Tag Archives: coming of age

Judging a Book

I’m about to reveal a secret. I judge books by their cover and/or title. I know shocking, and not necessarily the best way to learn about books. However, sometimes I’ve found that I read the most entertaining and interesting books, because the cover of the book grabbed me, or the title seemed interesting. On the completely other side of the spectrum, I have made errors about what I believed a book may be about due to the title.

Embarrassingly enough, the book I misjudged was The Mysteries of Pittsburgh. A close friend of mine recommended the book and thought it was well written. I had remembered hearing about the book, and said “Oh yeah, a crime/mystery novel.” Clearly, not what the book was about. Michael Chabon writes a coming of age tale about a young man named Art, who begins to discover his sexual identity, has to face his father and decide what he wants to truly do in life.

mysteries of pittsburgh


With this next book, I was a little closer to the mark. Lies We Tell Ourselves by Robin Talley, in my opinion is a wonderfully written book, about the struggles of sexuality and how different people may handle different situations. The book is set during the Civil Rights Movement in Virginia. It is about beliefs, and knowing what is right and wrong, and it was a truly moving book. When I first picked the book up, I assumed it was about keeping secrets, and I was pretty close. I loved this book, and would highly recommend it.

lies we tell ourselves

This last title, I have not read yet….but here is my guess. The book is about a girl struggling through ballet school. She wants to be a great ballerina, but with that comes a great many challenges. Pointe by Brandy Colbert is a book that has been on my TBR list for a little bit now, and I’m very excited to finally be able to read it. I’m also curious to see how close my guess is….and what else the book entails.


Sometimes judging a book by its cover and title is exactly what draws a person in, and it gives the reader the opportunity to find some hidden treasures. However, I try not to make this a daily practice, are there any books that have surprised you in what they were about? Have you ever judged a book by its cover?



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Flower Power

Born in 1968, a very tumultuous year that saw Robert Kennedy and Martin Luther King, Jr. assassinated, My Lai, and Vietnam War protests worldwide, I’m drawn to memoirs and novels set during the 1960s and 1970s, my own formative years.

Here are a bunch that I loved.

space Space: A Memoir by Jesse Lee Kercheval

Novelist Kercheval was ten when her father accepted a job in Cocoa Beach, Florida in 1966, home of Cape Canaveral. Amid the excitement of the space launches, the story of how her family fell apart and her beloved sister’s attempt to hold them all together is moving and poignant.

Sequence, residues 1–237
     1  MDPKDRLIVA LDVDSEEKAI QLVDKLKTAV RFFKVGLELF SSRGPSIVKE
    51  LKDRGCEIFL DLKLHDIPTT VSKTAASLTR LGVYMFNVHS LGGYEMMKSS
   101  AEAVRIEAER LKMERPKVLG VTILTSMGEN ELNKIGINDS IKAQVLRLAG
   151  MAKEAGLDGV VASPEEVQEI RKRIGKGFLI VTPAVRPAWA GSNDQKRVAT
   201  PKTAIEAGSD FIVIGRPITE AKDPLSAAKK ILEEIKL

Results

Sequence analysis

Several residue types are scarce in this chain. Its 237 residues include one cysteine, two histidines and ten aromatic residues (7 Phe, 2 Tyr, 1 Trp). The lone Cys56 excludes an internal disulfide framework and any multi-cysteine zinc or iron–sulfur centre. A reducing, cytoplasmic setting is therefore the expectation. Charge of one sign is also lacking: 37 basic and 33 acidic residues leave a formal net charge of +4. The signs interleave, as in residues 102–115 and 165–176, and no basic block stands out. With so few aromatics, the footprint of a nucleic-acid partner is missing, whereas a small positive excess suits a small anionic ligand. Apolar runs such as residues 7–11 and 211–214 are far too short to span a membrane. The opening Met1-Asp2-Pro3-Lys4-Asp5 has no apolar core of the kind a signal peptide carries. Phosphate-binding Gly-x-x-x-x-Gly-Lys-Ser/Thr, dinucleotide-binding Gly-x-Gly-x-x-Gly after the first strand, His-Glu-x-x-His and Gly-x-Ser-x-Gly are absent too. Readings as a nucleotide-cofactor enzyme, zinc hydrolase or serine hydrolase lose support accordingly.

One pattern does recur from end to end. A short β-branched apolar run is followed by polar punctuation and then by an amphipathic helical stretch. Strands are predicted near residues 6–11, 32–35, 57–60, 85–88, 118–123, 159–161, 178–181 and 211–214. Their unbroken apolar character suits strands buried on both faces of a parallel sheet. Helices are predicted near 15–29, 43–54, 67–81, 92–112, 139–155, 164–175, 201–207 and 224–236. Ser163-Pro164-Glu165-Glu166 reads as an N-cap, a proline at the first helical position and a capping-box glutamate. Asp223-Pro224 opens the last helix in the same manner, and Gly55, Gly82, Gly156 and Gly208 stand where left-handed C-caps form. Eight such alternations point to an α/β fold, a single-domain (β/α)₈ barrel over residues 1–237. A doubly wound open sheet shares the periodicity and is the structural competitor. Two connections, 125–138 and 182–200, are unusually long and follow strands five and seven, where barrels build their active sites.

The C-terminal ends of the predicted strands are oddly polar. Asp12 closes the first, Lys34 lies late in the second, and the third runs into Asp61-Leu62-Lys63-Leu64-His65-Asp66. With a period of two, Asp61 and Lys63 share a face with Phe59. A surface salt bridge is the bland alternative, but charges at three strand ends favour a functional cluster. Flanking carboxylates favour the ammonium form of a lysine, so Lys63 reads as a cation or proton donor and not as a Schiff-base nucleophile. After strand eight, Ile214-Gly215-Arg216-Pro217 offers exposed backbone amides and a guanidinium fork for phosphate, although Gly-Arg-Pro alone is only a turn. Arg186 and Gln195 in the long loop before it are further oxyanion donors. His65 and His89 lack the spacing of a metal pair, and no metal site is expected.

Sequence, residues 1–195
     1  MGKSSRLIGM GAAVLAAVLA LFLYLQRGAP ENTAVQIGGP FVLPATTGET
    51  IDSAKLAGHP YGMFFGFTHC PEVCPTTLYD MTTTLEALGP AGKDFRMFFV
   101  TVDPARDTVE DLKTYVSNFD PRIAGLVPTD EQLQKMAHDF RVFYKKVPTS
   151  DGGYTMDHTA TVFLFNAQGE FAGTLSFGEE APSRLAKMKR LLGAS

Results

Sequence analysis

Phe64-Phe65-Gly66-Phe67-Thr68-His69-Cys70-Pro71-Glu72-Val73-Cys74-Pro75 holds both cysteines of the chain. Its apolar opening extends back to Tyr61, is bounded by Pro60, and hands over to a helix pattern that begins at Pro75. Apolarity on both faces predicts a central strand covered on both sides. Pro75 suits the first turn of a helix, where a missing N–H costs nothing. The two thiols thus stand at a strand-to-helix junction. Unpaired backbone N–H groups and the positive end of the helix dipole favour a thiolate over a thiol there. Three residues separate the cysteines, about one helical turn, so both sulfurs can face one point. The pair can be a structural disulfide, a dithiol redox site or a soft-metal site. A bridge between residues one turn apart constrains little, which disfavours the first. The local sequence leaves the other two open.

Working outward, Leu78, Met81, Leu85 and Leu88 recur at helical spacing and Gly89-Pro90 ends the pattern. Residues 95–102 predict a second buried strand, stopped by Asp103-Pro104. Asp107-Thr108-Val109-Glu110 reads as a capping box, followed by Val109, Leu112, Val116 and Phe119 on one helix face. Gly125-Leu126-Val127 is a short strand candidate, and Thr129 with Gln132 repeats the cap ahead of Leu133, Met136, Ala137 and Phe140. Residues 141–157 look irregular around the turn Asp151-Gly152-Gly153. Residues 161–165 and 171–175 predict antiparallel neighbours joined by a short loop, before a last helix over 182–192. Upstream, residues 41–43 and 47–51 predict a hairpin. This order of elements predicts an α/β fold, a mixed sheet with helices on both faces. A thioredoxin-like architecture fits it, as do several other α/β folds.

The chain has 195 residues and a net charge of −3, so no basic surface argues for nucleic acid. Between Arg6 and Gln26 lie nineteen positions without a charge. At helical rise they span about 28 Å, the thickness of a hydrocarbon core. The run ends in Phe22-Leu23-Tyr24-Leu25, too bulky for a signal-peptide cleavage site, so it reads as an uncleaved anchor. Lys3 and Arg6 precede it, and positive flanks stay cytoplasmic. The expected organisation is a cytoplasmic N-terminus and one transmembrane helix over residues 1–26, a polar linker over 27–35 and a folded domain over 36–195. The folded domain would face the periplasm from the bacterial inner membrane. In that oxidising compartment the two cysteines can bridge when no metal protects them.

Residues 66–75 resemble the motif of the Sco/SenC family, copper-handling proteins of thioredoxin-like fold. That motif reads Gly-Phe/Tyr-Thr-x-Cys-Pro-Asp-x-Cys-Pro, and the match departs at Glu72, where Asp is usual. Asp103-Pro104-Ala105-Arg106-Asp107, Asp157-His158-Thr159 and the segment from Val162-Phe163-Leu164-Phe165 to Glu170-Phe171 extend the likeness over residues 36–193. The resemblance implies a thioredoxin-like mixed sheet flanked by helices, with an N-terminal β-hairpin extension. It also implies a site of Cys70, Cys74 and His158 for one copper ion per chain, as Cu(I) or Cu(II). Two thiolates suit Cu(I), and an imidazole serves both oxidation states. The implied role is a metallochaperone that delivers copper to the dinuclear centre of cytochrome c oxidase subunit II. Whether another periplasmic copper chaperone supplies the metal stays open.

Paper Wings by Marly Swick

Suzanne Keller grows up watching helplessly as her beautiful mother’s fragile happiness is fractured by JFK’s assassination and her own unresolved ghosts from the past, while the Beatles rose to stardom and the Vietnam war raged on. Her anxious and fervent belief that she can somehow save her mother is both heart wrenching and powerful.


An Egg on Three Sticks by Jackie Fischer

In the early 1970s, in San Francisco, Abby is thirteen and just wants to be a teenager. But her life spirals out of control as her mother’s nervous breakdown shatters her family.


The Summer of Naked Swim Parties by Jessica Anya Blau

In 1976 California, fourteen year old Jamie gets her first boyfriend, hangs out with her two best friends smoking cigarettes and tanning, while her free-wheeling parents throw naked swim parties, much to her eternal embarrassment.


The Virgin Suicides by Jeffrey Eugenides

In a tony Detroit, Michigan suburb in the early 1970s, the local teenage boys become obsessed with the five beautiful Lisbon sisters, whose claim to fame is that they all committed suicide.


A Ticket to Ride by Paula McLain

Before her phenomenal novel, The Paris Wife, McLain penned this provocative novel. Awkward and shy fifteen year old Jamie lives with her uncle in 1973 Illinois when her older, mysterious cousin, Fawn, comes for a summer visit. Fawn’s risky behavior and dangerous influence lead to tragedy. See also McLain’s painful memoir of growing up in foster homes in the 1970s, Like Family: Growing Up in Other People’s Houses.


A Crime in the Neighborhood by Suzanne Berne

During the summer of 1972, in Spring Hill, Maryland, nine year old Marsha breaks her leg and, with time on her hands, chronicles her parents’ divorce, her teenaged siblings’ shoplifting adventures, and the murder of a boy in her class in her notebook (shades of Harriet the Spy?). When a quiet, unassuming man moves into the house next door, her imagination runs wild as she comes to believe he is the murderer. The repercussions of her actions and that summer resonate long into adulthood.


The Lovely Bones by Alice Sebold

In 1973, fourteen year old Susie Salmon is murdered by a neighbor; the entire novel is her point of view about her murder and the effects on those she left behind. Very creepy.

~Maria, who once owned a mood ring, crushed on Shaun Cassidy, and saw all the Star Wars movies first run.


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